Homage to Catalonia : déjà vu all over again .. it may belong in Spain but this isn’t the way to keep it there?

Oct 29th, 2017 | By Counterweights Editors | Category: In Brief

George Orwell with the POUM militia at the Aragón front in the Spanish Civil War, 1937. He is the tallest among the standing figures. The woman crouching just by his hand is his wife Eileen.

[UPDATED OCTOBER 31, NOVEMBER 1]. George Orwell’s Spanish Civil War book, Homage to Catalonia, first appeared in print in the spring of 1938. Not quite 80 years later, some updated version of its sad story about Spanish and Catalan politics — and the harsh light they cast on the wider world of the 1930s — may be unfolding all over again.

We’re following up here on the Catalonia part of L. Frank Bunting’s October 11 report on this site : “Canadian Thanksgiving 2017, Catalonia capers in Spain, and the unbearable lightness of Mélanie Joly” (subsequently UPDATED OCTOBER 13, 14, 15, 16, 20, 21!).

We’re also happy enough that, just this past Friday, October 27, 2017, Prime Minister Justin Trudeau declared Canada’s support for “one united Spain … after the Catalan regional parliament in Barcelona passed a motion unilaterally establishing a new country.”

At the same time, we’re happy as well to note the CBC Montreal report : “Catalan independence vote sparks contrasting opinions from Quebec and Canadian politicians … Prime Minister Justin Trudeau said Canada recognizes united Spain while Quebec premier calls for dialogue.”

Beyond this we’re just observers from a distance, perched on the northern shores of the North American Great Lakes, in front of desk-top internet monitors and big-screen TVs (and with warm memories of various Spanish visits in the 21st century). And we are especially impressed with eight particular observations from much closer to the action in Madrid and Barcelona :

Celebrating the Catalan declaration of independence in Barcelona, October 27, 2017.

* “Separatist lawmakers in Catalonia were unbowed …  erupting in applause as their vote was approved with 70 votes in favor of an independent Catalan Republic, 10 against and two blank ballots out of a total 135 members.”

* “Within an hour of the Catalan vote, the Spanish Senate in Madrid voted 214 to 47 to invoke Article 155 of Spain’s Constitution, granting Prime Minister Mariano Rajoy extraordinary powers to take direct administrative control over the region and remove secessionist politicians.” (As best we can make out, 24 members of the Spanish Senate are from Catalonia?)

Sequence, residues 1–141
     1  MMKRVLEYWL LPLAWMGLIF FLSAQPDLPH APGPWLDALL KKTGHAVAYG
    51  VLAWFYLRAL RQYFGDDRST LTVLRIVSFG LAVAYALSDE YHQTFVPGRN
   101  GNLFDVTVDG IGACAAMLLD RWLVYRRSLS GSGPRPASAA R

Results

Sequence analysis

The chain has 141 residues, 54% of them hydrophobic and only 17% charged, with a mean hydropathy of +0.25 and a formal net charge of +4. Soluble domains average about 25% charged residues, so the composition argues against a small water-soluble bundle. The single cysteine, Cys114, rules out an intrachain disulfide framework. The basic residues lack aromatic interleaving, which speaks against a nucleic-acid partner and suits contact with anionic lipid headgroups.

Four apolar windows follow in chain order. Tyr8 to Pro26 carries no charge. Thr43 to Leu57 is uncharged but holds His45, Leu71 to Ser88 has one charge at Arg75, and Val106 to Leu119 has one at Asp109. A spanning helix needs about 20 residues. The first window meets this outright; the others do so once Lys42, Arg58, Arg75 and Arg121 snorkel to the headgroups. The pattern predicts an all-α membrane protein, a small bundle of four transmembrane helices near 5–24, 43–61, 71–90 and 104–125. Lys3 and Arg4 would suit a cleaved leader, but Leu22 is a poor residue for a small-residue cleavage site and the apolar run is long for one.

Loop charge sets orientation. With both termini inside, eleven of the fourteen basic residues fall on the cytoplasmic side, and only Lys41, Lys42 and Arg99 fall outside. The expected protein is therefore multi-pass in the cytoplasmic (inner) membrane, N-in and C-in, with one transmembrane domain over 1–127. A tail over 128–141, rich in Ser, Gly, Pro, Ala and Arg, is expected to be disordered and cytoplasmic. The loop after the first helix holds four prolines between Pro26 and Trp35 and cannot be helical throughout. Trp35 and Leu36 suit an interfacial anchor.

* “Mr. Rajoy’s conservative Popular Party has its origins in the neo-Francoist Allianza Popular, which was founded by former Franco ministers after the dictator’s death.”

* “however Rajoy chooses to implement Madrid’s takeover of Catalonia, it seems unlikely that his actions will end the era of ‘disorder’ there … something close to half of Catalonia’s electorate truly favors independence; that sentiment is unlikely to wane with Madrid’s intervention … the sectarian standoff will become even uglier in the days and weeks to come … The Spanish problem … is …  The political pacts that were formed in 1978, following the death of Franco, appear to be falling apart.”

* “‘Two months ago, I would have said that 43 percent [turnout in the Madrid-repressed referendum that voted 90% for Catalan independence] was not enough,’ said Ester Romero, 25, a [Barcelona] sales manager who had come to the [pro-independence] rally … ‘But after all the oppression, after all the police hitting people during the referendum, it’s enough.’”

Catalan president (now officially ex-president) Carles Puigdemont as the Parliament of Catalonia declares independence on October 27.

* “Donald Tusk, the President of the European Council bluntly announced: ‘…nothing changes. Spain remains our only interlocutor.’ … Tellingly, Tusk added, ‘I hope the Spanish government favours force of argument, not argument of force.’”

* “The United States said Catalonia was an ‘integral part of Spain’ and that it supported Spanish government efforts to keep the nation ‘strong and united.’ … State Department spokeswoman Heather Nauert said the two NATO allies ‘cooperate closely to advance our shared security and economic priorities.’”

* “Regional elections in 2015 returned a slim majority of pro-independence lawmakers, who took this as a mandate to push ahead with the independence drive … Analysts predict a similar outcome in the upcoming ballot” (now scheduled by Spanish President Mariano Rajoy for this  December 21, 2017).

For more than anyone ever really wanted to know about our own Canadian views on Homage to Catalonia 2017–18 click on “Read the rest of this page” and/or scroll down below.

[UPDATE OCTOBER 31 : Meanwhile we've been impressed by Carles Puigdemont’s reaction to current events at a news conference in Brussels  — “I ask the Catalan people to prepare for a long road. Democracy will be the foundation of our victory” — and his “announcement that he would accept the regional election on Dec. 21.” See the short but sweet Thomson Reuters report “Ex-Catalan president accepts snap election, says 'long road' to independence.”]

[UPDATE NOVEMBER 1 : In the face of many other global events of deep concern, the situation in Catalonia and related places has grown somewhat quieter and will probably stay that way for a while at least. But the plot nonetheless continues to quietly thicken, in various troubling ways. See, eg : “Catalonia president Carles Puigdemont will ignore Spanish court order to answer rebellion charges ... Arrest warrant could be issued making it virtually impossible for him to stand in upcoming election” ; “Catalonia Will Not Retreat” ; “How Catalonia’s crisis is turning into a European problem” ; and “Catalonia: Fascists caught making Nazi salutes during anti-Catalan independence protest ... Far-right protesters also chanted 'Viva Franco' in reference to Spain's former dictator.”]